That’s why Jesus was such a radical example of leadership. Instead of expecting the people go to the Temple, he went to the people. Instead of requiring his followers’ adoration, he washed their feet. Instead of courting the respect of the religious and political authorities, he sought out the tax collectors, the poor, the lepers. The Christian story says that Jesus gave up glory for a shameful cross. And once Saul was converted and became a follower of The Way, Paul recognized his own privilege was a spiritual stumbling block. Conversion/transformation often begins with such a realization. And then a rejection of that privileging.

The events in Ferguson and in our race-divided city reveal an ongoing need to renounce privilege, which is necessary for the salvation of Ferguson and Mobile and our world. We can’t know the union possible through the Cosmic Christ if we are guarding our status and defending our good names and pretending we have less privilege than we do.

Racism cannot be combated by asking people to treat others with respect and to interact without prejudice. That’s a start. But we must explore systemic racism. Because you might be a nice, kind person who doesn’t mistreat people of color and who doesn’t use the n-word and who has friends of other races—but you are still participating in (whether you know it or not) racist systems. Whether you’re hateful to people of color or not, if you’re white, you are benefiting from white privilege that you and I must work to end. To give up my privileged edge doesn’t mean I give up my rights; it means I lose my unfair advantages that I might think of as simply part of the given order of things.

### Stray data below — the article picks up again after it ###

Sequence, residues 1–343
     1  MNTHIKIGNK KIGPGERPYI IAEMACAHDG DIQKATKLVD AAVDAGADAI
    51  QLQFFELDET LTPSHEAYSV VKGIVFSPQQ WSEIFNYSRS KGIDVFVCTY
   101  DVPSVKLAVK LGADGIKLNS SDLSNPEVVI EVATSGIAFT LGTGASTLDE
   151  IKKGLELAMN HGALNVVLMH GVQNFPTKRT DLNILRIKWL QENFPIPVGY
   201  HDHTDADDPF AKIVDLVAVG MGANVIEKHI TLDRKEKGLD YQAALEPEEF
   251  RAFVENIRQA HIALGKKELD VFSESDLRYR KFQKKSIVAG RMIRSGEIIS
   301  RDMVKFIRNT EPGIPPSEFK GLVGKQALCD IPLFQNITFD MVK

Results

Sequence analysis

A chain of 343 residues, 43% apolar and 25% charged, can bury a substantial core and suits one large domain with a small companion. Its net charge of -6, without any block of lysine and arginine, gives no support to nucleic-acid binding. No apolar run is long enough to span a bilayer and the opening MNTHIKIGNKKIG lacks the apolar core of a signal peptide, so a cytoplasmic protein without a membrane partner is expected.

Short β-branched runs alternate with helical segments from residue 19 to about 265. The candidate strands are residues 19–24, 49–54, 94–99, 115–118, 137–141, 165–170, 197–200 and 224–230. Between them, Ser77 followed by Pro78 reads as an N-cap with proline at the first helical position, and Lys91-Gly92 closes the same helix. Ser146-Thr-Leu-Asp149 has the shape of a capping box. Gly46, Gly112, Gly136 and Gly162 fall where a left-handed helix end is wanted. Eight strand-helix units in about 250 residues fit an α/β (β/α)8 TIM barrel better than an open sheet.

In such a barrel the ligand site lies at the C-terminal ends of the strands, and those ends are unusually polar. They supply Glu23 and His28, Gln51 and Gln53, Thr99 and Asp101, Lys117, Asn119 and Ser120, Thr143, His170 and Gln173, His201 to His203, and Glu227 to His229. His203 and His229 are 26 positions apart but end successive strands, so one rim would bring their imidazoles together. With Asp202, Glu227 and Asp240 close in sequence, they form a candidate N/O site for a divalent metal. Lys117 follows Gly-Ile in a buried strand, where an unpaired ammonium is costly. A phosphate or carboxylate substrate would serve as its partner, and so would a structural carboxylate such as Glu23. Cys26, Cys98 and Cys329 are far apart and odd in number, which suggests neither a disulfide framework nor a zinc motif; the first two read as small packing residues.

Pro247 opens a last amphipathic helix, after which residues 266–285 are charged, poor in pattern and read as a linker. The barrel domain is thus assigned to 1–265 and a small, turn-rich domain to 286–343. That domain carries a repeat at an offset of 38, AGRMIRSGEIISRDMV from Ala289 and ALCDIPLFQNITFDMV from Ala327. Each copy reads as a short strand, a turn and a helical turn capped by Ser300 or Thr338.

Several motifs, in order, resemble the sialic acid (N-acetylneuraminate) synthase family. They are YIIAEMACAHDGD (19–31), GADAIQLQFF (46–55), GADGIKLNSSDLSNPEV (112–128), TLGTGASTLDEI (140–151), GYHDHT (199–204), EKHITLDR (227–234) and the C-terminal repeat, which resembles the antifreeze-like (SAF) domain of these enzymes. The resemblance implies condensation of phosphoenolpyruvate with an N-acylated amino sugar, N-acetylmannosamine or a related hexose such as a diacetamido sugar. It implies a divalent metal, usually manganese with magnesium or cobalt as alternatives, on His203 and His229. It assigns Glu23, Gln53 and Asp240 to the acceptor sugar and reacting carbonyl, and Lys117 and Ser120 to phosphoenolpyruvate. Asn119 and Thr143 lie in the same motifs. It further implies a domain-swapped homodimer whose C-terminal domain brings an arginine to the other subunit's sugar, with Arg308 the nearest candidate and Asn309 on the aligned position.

Paul was willing to give up his privilege. Not because it was the nice thing to do. Not because he was politically correct in an Ancient Near East kind of way. Paul was willing to give up his privilege because he experienced in the Christ a different understanding of religion. It’s not about braggin’ rights and strengthening your religious resume. When you give up your braggin’ rights, you know Christ. You no longer aim to impress others with pious religiosity; instead, your aim is to adopt that same humble and compassionate spiritual disposition of Jesus. Forsaking a position of strength for vulnerability allowed Jesus—and Jesus’s followers—to learn the way of suffering. And fall in love with God. Jesus showed us how to give our entire selves trustingly to the God of love.

Although we usually celebrate communion by intinction, today we will bring the communion bread to you. The church has for too long summoned people to her. Today we bring the bread of salvation to you. God is going to you. Jesus traveled to the fringes. He reached out to those hurting on the margins. As should we.

PRAYER FOR THE CHURCH: Your church, O God, has been proud. But these are humbling times for Jesus followers. As the Church Universal loses some of its accustomed privilege, let our more marginal status reintroduce us to the humble Jesus—and reconnect us to one another. Amen

Category Justice